Cutbacks leave Wake schools with money in bank
Posted December 5, 2012
Cary, N.C. — Cost-cutting by the Wake County Board of Education and school district administrators has left the district with a $32 million balance that some say should be refunded to the county.
An independent firm recently completed its audit of the district's finances and determined that the school system is fiscally responsible across the board.
"As a collective, one area we've done really well is managing the finances," school board member John Tedesco said Wednesday.
Case in point, the deep cuts the district made last spring before adopting a $1.25 billion budget for 2012-13 left a $32 million balance for emergency expenses through next June.
School board policy states that the balance should no more than 6 percent of the amount the Wake County Board of Commissioners gives the district, and the current balance is over that amount by about $12 million.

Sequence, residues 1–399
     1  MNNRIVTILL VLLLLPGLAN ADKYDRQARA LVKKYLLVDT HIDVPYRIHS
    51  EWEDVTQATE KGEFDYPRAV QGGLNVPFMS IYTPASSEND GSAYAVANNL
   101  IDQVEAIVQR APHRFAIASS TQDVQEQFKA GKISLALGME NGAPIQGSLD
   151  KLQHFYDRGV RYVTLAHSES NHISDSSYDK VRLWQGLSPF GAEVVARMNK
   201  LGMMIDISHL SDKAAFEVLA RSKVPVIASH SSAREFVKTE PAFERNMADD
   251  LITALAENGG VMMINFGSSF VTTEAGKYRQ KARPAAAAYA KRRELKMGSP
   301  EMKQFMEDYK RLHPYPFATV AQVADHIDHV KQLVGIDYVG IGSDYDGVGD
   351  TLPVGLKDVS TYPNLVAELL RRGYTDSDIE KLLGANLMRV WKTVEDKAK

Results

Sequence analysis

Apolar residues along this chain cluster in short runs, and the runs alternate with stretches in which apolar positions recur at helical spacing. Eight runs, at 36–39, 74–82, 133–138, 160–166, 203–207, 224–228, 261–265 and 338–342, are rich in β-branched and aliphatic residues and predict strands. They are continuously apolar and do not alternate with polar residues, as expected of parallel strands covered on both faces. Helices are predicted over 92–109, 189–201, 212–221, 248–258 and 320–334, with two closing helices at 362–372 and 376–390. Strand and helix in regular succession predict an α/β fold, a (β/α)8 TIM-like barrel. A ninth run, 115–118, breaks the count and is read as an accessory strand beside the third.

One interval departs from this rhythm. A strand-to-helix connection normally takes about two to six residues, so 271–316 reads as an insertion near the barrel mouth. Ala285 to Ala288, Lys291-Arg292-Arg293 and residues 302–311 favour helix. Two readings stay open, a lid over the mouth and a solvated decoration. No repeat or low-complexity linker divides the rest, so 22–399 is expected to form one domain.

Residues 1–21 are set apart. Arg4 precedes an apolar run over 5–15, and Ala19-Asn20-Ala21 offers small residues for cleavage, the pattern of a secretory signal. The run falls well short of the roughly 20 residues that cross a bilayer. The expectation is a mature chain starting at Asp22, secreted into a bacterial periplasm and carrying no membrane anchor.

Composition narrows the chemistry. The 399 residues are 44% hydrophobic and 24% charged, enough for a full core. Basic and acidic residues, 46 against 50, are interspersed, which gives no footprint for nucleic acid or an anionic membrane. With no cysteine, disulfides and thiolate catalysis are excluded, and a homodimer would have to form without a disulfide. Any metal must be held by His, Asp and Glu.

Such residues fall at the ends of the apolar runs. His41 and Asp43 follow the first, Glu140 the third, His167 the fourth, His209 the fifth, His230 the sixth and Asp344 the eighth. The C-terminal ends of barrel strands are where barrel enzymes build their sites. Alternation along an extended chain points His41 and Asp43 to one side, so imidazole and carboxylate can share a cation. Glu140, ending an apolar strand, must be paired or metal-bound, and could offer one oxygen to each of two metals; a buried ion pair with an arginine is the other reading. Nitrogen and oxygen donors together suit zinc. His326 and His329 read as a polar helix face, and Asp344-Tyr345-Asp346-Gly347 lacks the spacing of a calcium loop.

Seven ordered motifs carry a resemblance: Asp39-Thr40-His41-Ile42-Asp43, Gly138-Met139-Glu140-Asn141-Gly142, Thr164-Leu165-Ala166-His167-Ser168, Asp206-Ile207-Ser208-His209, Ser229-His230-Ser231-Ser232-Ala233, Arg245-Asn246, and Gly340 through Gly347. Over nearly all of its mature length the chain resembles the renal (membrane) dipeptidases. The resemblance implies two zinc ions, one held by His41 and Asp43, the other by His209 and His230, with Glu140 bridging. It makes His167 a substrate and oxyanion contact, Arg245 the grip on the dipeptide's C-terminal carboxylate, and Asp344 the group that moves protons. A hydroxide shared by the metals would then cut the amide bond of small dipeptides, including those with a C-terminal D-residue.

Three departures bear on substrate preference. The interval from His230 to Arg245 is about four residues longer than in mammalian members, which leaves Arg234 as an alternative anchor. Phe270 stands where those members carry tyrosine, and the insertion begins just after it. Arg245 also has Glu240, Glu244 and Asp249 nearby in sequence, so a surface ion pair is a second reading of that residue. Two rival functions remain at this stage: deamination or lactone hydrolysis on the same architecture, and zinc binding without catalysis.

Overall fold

"What offends me was, you don't go crying poor mouth to the commissioners, saying you need another $8 million more, which we did in the spring, when you're sitting on $32 million," Tedesco said.
School administrators asked the Board of Commissioners for an extra $8.8 million in funding to balance the annual budget, but the commissioners provided only $3.9 million.
School board policy calls for excess money above the 6 percent balance to be returned to the county, but new board Chairman Keith Sutton said the district continues to face tight financial times.
About $28 million in federal funding will disappear in 2013-14, so the district might need to tap into reserves to make up for that, Sutton said. Also, the district could put money back into building maintenance and pay for teaching assistants and bus drivers after recent cuts, he said.
"Just to sit on it because we want it to be bigger and bigger doesn't seem to be appropriate with public dollars," Tedesco said, adding that a $20 million balance provides enough of a financial cushion.
Joe Bryan, the new chairman of the Board of Commissioners, praised the school board for building a healthy reserve but said commissioners would have to consider the hefty balance when deciding on future funding requests.
"It certainly hurts their credibility of asking for more and more money," Bryan said. "The commissioners think it's reasonable to have this conversation about how much is that fund balance (and) should we have some say in it."
Sutton said he looks forward to having those budget discussions.